Police asking public for help on victim in shopping-cart murder case

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Victim Daryl Ford (Photo: Dept. of Licensing via Seattle Police Dept.)

SEATTLE — After arresting a 46-year-old man in last week’s “shopping cart” homicide in Seattle’s Othello Park neighborhood, police detectives are now seeking more information about the victim.

Police believe the victim, Daryl M. Ford, was homeless and detectives are asking for help identifying where Ford may have frequented or camped in the Seattle area.

If you have any information which could aid in the prosecution of this case, please call the police homicide tip line at (206) 233-5000.

Meanwhile, the man charged with stabbing Ford and pushing the body down the street in a shopping cart disappeared from a mental health facility a few days before, court documents show.

Michael Thompson, 46, faces charges of first-degree murder after he was allegedly spotted carting a body down a south Seattle street. He is currently in King County Jail on $1 million bond.

According to court documents, a witness spotted Thompson around 11 a.m. May 22 outside their home in the 4000 block of S. Austin Street fiddling with their garbage. The witness called police, saying that a homeless man was pushing a shopping cart down the street that appeared to carry a body. Other witnesses on the street said the man was rummaging through trash can after crash.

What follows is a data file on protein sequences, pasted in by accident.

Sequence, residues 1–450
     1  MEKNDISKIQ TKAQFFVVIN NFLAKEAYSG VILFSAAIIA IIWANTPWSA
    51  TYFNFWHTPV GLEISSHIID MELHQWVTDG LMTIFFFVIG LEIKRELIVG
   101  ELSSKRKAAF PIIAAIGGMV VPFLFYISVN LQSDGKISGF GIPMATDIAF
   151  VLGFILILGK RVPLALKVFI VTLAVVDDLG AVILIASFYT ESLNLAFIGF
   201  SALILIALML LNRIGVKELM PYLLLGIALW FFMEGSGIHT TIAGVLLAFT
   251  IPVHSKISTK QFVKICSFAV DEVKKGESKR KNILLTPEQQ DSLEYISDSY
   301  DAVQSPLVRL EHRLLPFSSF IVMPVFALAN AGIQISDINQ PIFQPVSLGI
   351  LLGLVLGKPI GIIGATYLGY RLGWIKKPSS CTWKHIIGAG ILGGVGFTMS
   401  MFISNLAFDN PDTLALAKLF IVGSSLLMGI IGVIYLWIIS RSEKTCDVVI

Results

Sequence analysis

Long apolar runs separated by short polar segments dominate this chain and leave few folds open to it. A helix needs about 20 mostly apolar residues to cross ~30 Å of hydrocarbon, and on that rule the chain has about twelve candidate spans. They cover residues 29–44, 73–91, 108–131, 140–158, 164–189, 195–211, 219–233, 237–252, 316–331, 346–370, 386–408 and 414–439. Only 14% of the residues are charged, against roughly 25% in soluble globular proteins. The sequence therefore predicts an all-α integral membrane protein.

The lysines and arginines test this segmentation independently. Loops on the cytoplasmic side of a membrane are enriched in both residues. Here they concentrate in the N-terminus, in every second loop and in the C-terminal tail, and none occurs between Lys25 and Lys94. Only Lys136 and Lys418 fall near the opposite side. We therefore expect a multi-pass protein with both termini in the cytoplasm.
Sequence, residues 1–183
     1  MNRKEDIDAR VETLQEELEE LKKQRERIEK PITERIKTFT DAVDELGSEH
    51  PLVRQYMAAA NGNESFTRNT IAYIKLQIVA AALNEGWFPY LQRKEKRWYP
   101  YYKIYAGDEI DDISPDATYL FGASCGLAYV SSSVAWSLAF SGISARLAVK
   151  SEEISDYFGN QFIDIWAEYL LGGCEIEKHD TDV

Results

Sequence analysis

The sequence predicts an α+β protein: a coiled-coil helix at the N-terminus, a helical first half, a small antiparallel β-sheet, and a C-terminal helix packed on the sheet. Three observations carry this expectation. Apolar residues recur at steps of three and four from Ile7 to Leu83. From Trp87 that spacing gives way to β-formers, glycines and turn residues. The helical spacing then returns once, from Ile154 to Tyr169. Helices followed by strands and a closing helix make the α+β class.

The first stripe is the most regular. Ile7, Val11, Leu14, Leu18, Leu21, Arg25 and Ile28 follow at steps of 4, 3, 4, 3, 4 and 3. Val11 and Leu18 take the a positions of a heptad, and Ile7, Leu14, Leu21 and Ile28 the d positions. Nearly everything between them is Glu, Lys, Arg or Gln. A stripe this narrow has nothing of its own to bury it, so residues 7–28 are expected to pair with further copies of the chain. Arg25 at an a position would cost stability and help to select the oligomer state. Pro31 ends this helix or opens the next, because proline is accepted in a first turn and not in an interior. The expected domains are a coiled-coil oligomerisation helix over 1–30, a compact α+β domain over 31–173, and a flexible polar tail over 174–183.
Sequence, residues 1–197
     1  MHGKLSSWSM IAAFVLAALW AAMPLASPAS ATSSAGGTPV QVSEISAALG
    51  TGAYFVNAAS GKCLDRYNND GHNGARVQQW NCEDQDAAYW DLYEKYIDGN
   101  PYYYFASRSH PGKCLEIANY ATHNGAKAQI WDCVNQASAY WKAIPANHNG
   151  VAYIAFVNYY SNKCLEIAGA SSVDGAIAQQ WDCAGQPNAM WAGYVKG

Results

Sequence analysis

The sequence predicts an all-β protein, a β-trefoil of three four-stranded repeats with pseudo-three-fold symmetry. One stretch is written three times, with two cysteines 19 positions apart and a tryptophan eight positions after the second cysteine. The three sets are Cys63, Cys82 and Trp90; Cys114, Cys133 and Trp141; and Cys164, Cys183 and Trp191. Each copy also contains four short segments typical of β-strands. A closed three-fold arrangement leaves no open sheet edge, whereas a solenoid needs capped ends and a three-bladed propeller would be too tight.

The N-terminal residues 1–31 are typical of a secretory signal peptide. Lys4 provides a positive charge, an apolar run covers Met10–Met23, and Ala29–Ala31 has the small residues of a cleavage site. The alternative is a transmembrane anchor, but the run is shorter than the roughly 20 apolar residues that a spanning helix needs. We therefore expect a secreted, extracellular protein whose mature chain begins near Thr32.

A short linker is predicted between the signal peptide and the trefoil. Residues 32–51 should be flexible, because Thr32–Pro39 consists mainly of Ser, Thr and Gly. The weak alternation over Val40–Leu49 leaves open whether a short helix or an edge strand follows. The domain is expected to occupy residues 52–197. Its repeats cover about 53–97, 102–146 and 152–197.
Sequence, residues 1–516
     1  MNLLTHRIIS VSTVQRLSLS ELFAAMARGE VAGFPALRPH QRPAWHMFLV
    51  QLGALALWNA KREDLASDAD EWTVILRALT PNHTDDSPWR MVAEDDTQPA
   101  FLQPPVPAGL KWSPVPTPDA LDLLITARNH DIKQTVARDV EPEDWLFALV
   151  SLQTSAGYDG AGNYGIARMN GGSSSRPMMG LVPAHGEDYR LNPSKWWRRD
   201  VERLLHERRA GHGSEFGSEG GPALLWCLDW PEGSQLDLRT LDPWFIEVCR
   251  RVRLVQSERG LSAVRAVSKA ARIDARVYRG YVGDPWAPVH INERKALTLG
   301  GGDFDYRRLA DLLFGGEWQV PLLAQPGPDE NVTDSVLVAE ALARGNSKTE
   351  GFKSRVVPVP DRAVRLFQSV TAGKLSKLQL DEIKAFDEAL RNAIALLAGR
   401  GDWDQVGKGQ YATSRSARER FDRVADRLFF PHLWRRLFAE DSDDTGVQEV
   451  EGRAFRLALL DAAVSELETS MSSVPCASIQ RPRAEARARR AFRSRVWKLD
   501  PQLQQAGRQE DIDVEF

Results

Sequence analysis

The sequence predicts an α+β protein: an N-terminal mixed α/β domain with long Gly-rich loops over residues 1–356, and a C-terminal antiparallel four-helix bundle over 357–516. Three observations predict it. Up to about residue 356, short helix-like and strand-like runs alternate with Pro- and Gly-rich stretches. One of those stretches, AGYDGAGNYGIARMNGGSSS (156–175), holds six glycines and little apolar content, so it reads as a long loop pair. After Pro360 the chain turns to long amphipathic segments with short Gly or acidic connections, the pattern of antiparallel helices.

When police arrived on scene, they didn’t find Thompson, but found the shopping cart with a body wrapped in blankets stuffed inside the cart. An autopsy determined the body died from multiple stab wounds.

Police also found a bag near the scene that contained documents from the Sound Mental Health clinic a few blocks away. Police called the mental health agency and learned Thompson had disappeared from the facility days before. Health care officials did not know where he was, documents show.

Police also recovered Thompson’s fingerprints from the cart.

Sound Mental Health is a non-profit organization leading a variety of mental health operations. It was unknown if Thompson was forcibly committed to the health agency, or if he went in on his own accord. It is also unknown why, or how, he was allowed to leave.

Police contacted Thompson at his wife’s house. He allegedly admitted to knowing the murdered man, but refused to talk to police further. He was arrested on suspicion of murder.

Thompson’s second court appearance is on May 29.


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